where {circumflex over (δ)} is the vector of corrections estimated in the previous iterative step and the math model is linearized again. The least-squares estimation is repeated until convergence is reached, i.e., when {circumflex over (δ)} is below some predetermined acceptable level. The covariance matrix of the estimated model parameters follows from application of the law of propagation of random errors.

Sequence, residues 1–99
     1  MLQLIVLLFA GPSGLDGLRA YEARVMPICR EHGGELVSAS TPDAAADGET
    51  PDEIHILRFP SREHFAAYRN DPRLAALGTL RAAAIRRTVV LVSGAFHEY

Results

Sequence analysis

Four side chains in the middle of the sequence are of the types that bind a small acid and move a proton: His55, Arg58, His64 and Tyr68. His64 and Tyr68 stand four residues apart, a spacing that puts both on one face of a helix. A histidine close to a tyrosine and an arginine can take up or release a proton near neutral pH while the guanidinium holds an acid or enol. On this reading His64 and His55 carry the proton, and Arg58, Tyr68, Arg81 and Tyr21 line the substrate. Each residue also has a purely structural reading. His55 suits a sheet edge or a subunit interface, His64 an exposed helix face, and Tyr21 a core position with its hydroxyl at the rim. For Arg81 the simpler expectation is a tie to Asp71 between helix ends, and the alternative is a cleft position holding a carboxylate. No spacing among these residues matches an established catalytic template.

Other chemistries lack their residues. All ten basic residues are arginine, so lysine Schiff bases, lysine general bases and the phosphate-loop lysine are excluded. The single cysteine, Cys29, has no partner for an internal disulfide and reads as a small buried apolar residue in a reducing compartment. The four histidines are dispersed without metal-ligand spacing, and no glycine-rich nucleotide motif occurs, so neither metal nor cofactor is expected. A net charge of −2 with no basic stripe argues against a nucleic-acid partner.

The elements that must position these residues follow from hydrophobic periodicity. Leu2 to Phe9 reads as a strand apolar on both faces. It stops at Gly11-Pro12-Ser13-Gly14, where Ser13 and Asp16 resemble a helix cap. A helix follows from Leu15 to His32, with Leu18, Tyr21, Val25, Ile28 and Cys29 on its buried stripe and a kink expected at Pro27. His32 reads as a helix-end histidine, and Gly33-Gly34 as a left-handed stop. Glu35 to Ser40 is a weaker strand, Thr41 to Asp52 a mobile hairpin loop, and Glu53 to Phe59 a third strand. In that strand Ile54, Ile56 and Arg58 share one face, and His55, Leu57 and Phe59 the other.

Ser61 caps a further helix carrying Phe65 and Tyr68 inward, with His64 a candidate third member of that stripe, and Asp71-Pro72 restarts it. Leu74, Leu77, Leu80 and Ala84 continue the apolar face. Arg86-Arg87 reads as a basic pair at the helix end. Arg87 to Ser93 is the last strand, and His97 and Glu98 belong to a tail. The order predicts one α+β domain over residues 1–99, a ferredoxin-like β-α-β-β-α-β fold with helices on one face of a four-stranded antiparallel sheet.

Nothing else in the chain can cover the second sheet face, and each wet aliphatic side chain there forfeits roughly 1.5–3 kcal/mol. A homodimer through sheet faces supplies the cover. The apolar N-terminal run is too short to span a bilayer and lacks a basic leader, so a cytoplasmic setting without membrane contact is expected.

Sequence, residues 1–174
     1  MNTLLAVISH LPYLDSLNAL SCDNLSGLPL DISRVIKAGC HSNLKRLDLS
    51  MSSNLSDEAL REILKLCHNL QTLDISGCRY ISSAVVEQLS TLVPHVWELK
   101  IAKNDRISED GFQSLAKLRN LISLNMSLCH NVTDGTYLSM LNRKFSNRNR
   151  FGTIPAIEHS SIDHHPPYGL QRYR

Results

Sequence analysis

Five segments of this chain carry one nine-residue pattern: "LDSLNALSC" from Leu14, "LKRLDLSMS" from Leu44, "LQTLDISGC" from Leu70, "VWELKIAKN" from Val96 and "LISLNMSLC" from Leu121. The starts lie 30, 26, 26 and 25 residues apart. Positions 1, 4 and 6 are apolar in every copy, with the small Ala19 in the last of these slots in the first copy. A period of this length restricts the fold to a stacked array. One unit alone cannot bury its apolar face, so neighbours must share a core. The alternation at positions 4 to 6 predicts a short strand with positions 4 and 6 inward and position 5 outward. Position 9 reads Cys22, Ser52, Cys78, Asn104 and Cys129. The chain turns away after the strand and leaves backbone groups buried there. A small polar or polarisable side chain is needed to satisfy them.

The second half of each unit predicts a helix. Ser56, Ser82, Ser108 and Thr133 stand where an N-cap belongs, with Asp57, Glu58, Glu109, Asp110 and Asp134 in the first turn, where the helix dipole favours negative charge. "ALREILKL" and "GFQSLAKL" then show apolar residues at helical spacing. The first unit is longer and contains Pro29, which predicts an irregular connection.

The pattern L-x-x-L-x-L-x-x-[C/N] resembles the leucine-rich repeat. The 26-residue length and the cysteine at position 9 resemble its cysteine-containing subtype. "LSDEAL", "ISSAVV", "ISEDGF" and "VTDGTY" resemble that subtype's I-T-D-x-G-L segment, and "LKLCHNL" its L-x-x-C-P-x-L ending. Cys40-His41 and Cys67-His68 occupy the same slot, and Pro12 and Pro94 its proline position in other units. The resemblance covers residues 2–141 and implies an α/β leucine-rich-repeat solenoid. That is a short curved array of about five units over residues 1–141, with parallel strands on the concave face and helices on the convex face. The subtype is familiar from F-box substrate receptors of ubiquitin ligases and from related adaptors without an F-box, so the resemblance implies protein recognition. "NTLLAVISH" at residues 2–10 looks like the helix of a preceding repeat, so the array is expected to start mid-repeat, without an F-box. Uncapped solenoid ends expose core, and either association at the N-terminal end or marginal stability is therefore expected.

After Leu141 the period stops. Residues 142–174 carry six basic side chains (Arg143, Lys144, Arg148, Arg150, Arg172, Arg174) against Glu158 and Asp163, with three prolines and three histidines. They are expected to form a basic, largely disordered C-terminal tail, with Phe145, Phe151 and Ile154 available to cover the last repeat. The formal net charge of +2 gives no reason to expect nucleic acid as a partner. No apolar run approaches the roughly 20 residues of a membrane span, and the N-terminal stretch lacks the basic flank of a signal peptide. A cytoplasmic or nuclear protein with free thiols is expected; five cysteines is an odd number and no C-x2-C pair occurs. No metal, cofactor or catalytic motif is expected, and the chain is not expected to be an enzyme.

Similar to the frame camera adjustment above, a linearized block adjustment model can be implemented for the pushbroom camera model, as expressed by the set of collinearity equations represented by Eq. 2. Generally, the mathematical model described above for the frame camera can be used for pushbroom camera models because a plurality of scan image lines will comprise one frame. In other words, for the pushbroom camera model, the unknown model parameters for n overlapping images, each with j scan lines for each image, together with m ground control points and p tie points (FIG. 7 can be used to represent the Pushbroom model if one assumes each image 6×n×j exterior orientation parameters 3×m object coordinates of ground control points, 3×p object coordinates of tie points, 3×n interior orientation parameters and other time or image dependent parameters directly related to the physical design and associated mathematical model of the pushbroom camera, as required. Where the observations comprise: 6×n×j exterior orientation parameters 3×m object coordinates of ground control points, 2×r image coordinates of ground control points, 2×s image coordinates of tie points, 3×n interior orientation parameters and other time or image dependent parameters directly related to the physical design and associated mathematical model of the pushbroom camera, as required. It should be noted that estimation of exterior orientation parameters for each image line is not practical, and it is a standard practice to use a model, such as a polynomial, to represent them in the adjustment model. Otherwise, the mathematics are similar, and the modifications to the above equations are generally known in the art. In general, satellite camera models are more complicated than frame camera models because of satellite dynamics and the dynamic nature of scanning, of push-broom, and other time dependent image acquisition systems commonly used for satellite image acquisition. Implementing such a complicated model is expensive, time consuming, and error prone. As explained above, classical block adjustment models based on physical camera math models, whether pushbroom, frame or other camera configuration, are complicated and difficult to implement. This is, in part, due to the shear volume of interior and exterior parameters that need to be estimated and for which equations need to be solved. Moreover, a multiplicity of parameters each having the same effect is another difficulty with classical block adjustment techniques using a physical camera model. For example, any combination of moving the exposure station to the right, rolling the camera to the right, or displacing the principal point of the camera to the left all have the same general effect of causing the imagery to be displaced to the left. Classical photogrammetry separately estimates exposure station, orientation, and principal point, leading to ill-conditioning of the solution. Only a priori weights control the adjustment parameters to reasonable values. Ill-conditioning can lead to unrealistic parameter values or even divergence of iteratively solved systems. A further difficulty with classical techniques is that each camera design, be it a frame camera, pushbroom, or other, presents the software developer with the necessity of developing another adjustment model. The Rational Polynomial Camera (“RPC”) block adjustment method of the present invention avoids all the aforementioned problems associated with the classical photogrammetric block adjustment approach. Instead of adjusting directly the physical camera model parameters, such as satellite ephemeris (position of the perspective center for each scan line), satellite attitude, focal length, principal point location, and distortion parameters, the method introduces an adjustment model that block adjusts images in either image space or object space. In other words, the RPC mathematical model describes the object-to-image relationship of each image in the block of images. To the basic object-image model of each image, an adjustment model is added. The adjustment model comprises simple offsets, scale-factors, and/or polynomial adjustment terms in either object or image space. The main benefit of the RPC block adjustment model of the present invention is that it does not present the numerical ill-conditioning problems of classical techniques. This is achieved by having only one adjustment parameter to represent multiple physical processes that have substantially the same effect. Furthermore, using such a block adjustment model simplifies development of photogrammetric block adjustment software by using either an existing or a generic camera model describing object-to-image space relationships and a generic adjustment model for block-adjusting parameters of that relationship. Use of generic models reduces the effort associated with developing individual camera models. While the methods of the present invention can be installed on almost any conventional personal computer, it is preferred that the apparatuses and methods of the present invention use a general purpose computer having at least 512 Mbytes of RAM and 10 gigabytes of storage. Also, it is preferable to use a computer with a stereo display capability. Moreover, one of ordinary skill in the art would understand that the methods, functions, and apparatuses of the present invention could be performed by software, hardware, or any combination thereof. a tie point image coordinate generation module configured to automatically generate the image coordinates of the at least one tie point and transmit the generated image coordinates of the at least one tie point to the tie point receiving module; and a tie point ground coordinate generation module configured to automatically generate the ground coordinates of the at least one tie point and transmit the generated ground coordinates of the at least one tie point to the tie point receiving module. The Rational Polynomial Camera (“RPC”) model is a generic mathematical model that relates object space coordinates (which comprise Latitude, Longitude, and Height) to image space coordinates (which comprise Line and Sample). The RPC functional model is of the form of a ratio of two cubic functions of object space coordinates. Separate rational functions are used to express the object space coordinates to the image line coordinate and the object space coordinates to the image sample coordinate. While one of skill in the art will, on reading this disclose, recognize that the RPCs can be applied to numerous types of imaging devices, the description that follows will apply the apparatuses and methods of the present invention to the IKONOS® satellite imaging system by Space Imaging, LLC, which is located at 12076 Grant Street, Thornton, Colo. For the IKONOS® satellite, the RPC model is defined as follows: Given the object space coordinates (Latitude, Longitude, Height) of a control point, where Latitude is geodetic latitude expressed in degrees in the product order datum, Longitude is geodetic longitude expressed in degrees in the product order datum, and Height is geodetic height expressed in meters height above the ellipsoid of the product order datum, then the calculation of image space coordinates begins by normalizing latitude, longitude, and height as follows, where the normalizing offsets and scale factors are estimated as shown below: The normalized image space coordinates (X and Y, which are normalized sample and line image coordinates, respectively) are then calculated from the object space coordinates using their respective rational polynomial functions f(.) and g(.) as The normalized X and Y image space coordinates when de-normalized are the Line and Sample image space coordinates, where Line is image line number expressed in pixels with pixel zero as the center of the first line, and Sample is sample number expressed in pixels with pixel zero is the center of the left-most sample are finally computed as: